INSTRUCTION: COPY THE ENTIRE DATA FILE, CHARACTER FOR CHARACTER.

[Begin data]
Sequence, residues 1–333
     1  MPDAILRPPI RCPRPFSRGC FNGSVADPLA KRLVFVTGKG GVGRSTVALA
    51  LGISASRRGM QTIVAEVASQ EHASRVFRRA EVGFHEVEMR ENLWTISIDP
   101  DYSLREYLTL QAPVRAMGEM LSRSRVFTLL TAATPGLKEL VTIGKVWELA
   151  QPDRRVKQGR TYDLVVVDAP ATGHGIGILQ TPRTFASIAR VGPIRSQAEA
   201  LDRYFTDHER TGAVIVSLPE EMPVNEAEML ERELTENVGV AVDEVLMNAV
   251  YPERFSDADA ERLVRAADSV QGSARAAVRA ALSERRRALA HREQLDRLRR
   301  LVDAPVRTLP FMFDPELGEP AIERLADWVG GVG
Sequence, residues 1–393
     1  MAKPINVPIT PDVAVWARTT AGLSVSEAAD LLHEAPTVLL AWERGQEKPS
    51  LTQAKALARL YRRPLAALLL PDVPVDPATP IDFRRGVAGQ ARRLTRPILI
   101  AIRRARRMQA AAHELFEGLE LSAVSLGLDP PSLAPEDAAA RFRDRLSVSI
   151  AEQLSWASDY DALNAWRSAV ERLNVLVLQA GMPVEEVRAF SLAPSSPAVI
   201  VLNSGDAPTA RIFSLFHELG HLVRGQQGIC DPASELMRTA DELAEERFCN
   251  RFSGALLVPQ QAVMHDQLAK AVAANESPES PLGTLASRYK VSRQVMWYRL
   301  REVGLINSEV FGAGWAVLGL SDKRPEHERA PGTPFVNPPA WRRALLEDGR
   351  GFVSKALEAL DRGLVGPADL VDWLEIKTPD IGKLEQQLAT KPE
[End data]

Sequence, residues 1–333
     1  MPDAILRPPI RCPRPFSRGC FNGSVADPLA KRLVFVTGKG GVGRSTVALA
    51  LGISASRRGM QTIVAEVASQ EHASRVFRRA EVGFHEVEMR ENLWTISIDP
   101  DYSLREYLTL QAPVRAMGEM LSRSRVFTLL TAATPGLKEL VTIGKVWELA
   151  QPDRRVKQGR TYDLVVVDAP ATGHGIGILQ TPRTFASIAR VGPIRSQAEA
   201  LDRYFTDHER TGAVIVSLPE EMPVNEAEML ERELTENVGV AVDEVLMNAV
   251  YPERFSDADA ERLVRAADSV QGSARAAVRA ALSERRRALA HREQLDRLRR
   301  LVDAPVRTLP FMFDPELGEP AIERLADWVG GVG
Sequence, residues 1–393
     1  MAKPINVPIT PDVAVWARTT AGLSVSEAAD LLHEAPTVLL AWERGQEKPS
    51  LTQAKALARL YRRPLAALLL PDVPVDPATP IDFRRGVAGQ ARRLTRPILI
   101  AIRRARRMQA AAHELFEGLE LSAVSLGLDP PSLAPEDAAA RFRDRLSVSI
   151  AEQLSWASDY DALNAWRSAV ERLNVLVLQA GMPVEEVRAF SLAPSSPAVI
   201  VLNSGDAPTA RIFSLFHELG HLVRGQQGIC DPASELMRTA DELAEERFCN
   251  RFSGALLVPQ QAVMHDQLAK AVAANESPES PLGTLASRYK VSRQVMWYRL
   301  REVGLINSEV FGAGWAVLGL SDKRPEHERA PGTPFVNPPA WRRALLEDGR
   351  GFVSKALEAL DRGLVGPADL VDWLEIKTPD IGKLEQQLAT KPE